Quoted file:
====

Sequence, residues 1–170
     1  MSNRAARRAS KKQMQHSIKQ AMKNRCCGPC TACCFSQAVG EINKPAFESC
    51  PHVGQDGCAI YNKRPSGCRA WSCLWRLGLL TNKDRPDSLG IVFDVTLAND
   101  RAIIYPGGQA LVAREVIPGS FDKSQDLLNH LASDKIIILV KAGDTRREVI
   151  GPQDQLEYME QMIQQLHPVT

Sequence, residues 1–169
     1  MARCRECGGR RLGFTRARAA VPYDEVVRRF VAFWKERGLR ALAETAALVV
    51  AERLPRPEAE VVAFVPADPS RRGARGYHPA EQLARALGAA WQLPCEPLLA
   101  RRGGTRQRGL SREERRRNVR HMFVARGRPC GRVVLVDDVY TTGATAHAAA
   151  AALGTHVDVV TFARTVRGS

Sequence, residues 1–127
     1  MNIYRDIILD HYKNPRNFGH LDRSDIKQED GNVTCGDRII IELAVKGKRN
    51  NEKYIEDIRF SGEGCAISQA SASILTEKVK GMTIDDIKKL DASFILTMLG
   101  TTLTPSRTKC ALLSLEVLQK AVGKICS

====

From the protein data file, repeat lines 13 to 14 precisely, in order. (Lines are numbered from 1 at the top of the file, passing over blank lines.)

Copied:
    51  NEKYIEDIRF SGEGCAISQA SASILTEKVK GMTIDDIKKL DASFILTMLG
   101  TTLTPSRTKC ALLSLEVLQK AVGKICS